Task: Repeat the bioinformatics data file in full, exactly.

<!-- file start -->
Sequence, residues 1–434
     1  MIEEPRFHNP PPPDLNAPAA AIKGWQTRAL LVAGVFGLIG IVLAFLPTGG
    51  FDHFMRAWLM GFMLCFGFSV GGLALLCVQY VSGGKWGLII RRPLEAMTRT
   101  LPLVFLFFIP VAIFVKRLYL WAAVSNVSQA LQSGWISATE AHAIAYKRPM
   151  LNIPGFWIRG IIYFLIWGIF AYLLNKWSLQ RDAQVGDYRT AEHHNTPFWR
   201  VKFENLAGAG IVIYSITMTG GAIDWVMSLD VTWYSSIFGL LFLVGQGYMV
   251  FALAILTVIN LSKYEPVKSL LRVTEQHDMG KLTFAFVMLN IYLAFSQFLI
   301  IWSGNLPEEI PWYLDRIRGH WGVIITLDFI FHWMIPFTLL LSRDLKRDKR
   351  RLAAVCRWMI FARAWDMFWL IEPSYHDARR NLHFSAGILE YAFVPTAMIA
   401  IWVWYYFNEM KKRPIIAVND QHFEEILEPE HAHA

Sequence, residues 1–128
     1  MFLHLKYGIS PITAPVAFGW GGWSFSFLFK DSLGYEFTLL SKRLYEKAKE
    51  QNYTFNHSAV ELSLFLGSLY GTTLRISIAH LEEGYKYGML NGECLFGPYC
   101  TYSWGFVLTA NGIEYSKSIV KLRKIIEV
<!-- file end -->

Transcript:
Sequence, residues 1–434
     1  MIEEPRFHNP PPPDLNAPAA AIKGWQTRAL LVAGVFGLIG IVLAFLPTGG
    51  FDHFMRAWLM GFMLCFGFSV GGLALLCVQY VSGGKWGLII RRPLEAMTRT
   101  LPLVFLFFIP VAIFVKRLYL WAAVSNVSQA LQSGWISATE AHAIAYKRPM
   151  LNIPGFWIRG IIYFLIWGIF AYLLNKWSLQ RDAQVGDYRT AEHHNTPFWR
   201  VKFENLAGAG IVIYSITMTG GAIDWVMSLD VTWYSSIFGL LFLVGQGYMV
   251  FALAILTVIN LSKYEPVKSL LRVTEQHDMG KLTFAFVMLN IYLAFSQFLI
   301  IWSGNLPEEI PWYLDRIRGH WGVIITLDFI FHWMIPFTLL LSRDLKRDKR
   351  RLAAVCRWMI FARAWDMFWL IEPSYHDARR NLHFSAGILE YAFVPTAMIA
   401  IWVWYYFNEM KKRPIIAVND QHFEEILEPE HAHA

Sequence, residues 1–128
     1  MFLHLKYGIS PITAPVAFGW GGWSFSFLFK DSLGYEFTLL SKRLYEKAKE
    51  QNYTFNHSAV ELSLFLGSLY GTTLRISIAH LEEGYKYGML NGECLFGPYC
   101  TYSWGFVLTA NGIEYSKSIV KLRKIIEV